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Re: [DotGNU]Re: Collaboration on alternatives to theUS-patent-endangered

From: Seth Johnson
Subject: Re: [DotGNU]Re: Collaboration on alternatives to theUS-patent-endangered APIs?
Date: Sat, 11 Oct 2003 22:55:36 -0400

Miguel de Icaza wrote:
> I do not know why you decided to hand pick Windows.Forms as an example
> of "thin wrapper" versus other parts of the .NET Framework.  To me the
> Windows.Forms is as much as an improvement and an innovation as
> anything else in the Framework.  As I mentioned to you before, from
> the developer perspective there is a massive departure from the
> Win32-based programming style.

Well, probably at least trying to describe a way to distinguish what's
likely not to be patent-encumbered.  Could be wrong, but it might be an
interesting formula, whether Norbert is right that Windows.Forms is "thin
wrapper" or not (speaking as, well, not a nonprogrammer, but a rather
esoteric programmer who doesn't know this area too well).

>     If you were serious about your proposal, then you would encourage
> people to work on Gtk# which is the C# binding to the APIs produced by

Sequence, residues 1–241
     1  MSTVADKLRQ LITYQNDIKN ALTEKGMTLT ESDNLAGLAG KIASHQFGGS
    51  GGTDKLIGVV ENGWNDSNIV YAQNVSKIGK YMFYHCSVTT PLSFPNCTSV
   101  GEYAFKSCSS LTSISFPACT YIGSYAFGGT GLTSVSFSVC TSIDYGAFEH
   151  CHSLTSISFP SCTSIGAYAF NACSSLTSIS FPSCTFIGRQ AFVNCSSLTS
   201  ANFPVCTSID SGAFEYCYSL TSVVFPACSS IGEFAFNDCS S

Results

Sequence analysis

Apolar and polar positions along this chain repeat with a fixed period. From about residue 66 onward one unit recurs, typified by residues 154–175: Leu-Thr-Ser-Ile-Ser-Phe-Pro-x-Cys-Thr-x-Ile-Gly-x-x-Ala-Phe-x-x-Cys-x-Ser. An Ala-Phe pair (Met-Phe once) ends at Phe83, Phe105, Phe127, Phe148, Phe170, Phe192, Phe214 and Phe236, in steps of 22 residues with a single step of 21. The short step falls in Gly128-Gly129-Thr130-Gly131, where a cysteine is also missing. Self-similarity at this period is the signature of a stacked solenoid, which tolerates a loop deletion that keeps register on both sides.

> the Gnome project, instead of promoting the use of Windows.Forms, but I
> believe that you dont because of a conflict of interest on your part
> with the competition that you helped launch, and you have decided to
> spin things this way.  

I'm not too familiar with the competition, but if he's focusing on one thing
or another, it could be right or wrong either legally, ethically or
technically, but spinning one way or another is just what he's trying to do,
not any particular "conflict of interest" kind of problem, even he leads
innocent people astray.  If it's not a good idea, then that's another
matter.  It might be good for them to think about whether doing
Windows.Forms is a good idea or not; it's just a question of whether you
find an effort to create legally bulletproof alternatives to the
US-patent-endangered APIs, and what kind of effort you see that as.

>     Your idea is an interesting one, but I do not believe that its a
> requirement to design APIs outside the United States.

I imagine there would be certain .NET projects predicated on free software
principles, that could be vulnerable if they did not overdetermine against
the possibility of attack in this way.  It depends on how you're looking at
the idea of making alternatives to US-patent-endangered APIs.

> Otherwise there
> would be no software company in the US producing those, and the evidence
> so far disagrees with you.

That's true enough, as far as it goes.

Seth Johnson


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